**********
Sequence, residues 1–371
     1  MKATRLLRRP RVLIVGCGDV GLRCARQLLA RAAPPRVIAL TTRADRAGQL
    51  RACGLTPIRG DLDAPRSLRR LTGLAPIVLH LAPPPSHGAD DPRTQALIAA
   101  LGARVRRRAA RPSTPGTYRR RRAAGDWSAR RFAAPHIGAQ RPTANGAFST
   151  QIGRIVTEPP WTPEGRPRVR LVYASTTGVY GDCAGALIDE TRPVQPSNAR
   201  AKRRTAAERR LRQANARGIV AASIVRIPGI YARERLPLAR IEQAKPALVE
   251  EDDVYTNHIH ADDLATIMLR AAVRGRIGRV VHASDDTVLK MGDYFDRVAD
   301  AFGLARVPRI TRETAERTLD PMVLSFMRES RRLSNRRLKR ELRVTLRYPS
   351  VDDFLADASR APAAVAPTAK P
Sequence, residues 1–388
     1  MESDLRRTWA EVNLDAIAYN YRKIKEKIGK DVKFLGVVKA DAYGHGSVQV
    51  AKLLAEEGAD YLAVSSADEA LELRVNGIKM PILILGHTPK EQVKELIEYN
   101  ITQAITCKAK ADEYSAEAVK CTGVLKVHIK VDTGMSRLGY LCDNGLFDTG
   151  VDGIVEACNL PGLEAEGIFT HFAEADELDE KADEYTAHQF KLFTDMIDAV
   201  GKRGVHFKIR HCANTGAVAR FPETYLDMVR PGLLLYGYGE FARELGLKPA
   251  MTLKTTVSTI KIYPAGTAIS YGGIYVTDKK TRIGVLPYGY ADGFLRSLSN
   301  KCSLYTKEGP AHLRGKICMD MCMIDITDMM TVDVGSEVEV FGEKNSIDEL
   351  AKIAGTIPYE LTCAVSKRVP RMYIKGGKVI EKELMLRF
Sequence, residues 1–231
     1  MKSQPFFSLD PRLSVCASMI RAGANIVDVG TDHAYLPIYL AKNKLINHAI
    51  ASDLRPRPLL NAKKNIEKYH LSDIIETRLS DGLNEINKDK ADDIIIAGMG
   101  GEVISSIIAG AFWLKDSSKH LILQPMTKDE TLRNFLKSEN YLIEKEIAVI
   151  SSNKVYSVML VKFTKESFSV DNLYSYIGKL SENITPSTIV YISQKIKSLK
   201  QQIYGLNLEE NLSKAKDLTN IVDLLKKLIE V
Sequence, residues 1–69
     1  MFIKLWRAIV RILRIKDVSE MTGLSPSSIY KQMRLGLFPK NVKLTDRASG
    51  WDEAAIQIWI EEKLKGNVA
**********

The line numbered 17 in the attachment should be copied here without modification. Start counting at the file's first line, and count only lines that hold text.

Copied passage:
   301  KCSLYTKEGP AHLRGKICMD MCMIDITDMM TVDVGSEVEV FGEKNSIDEL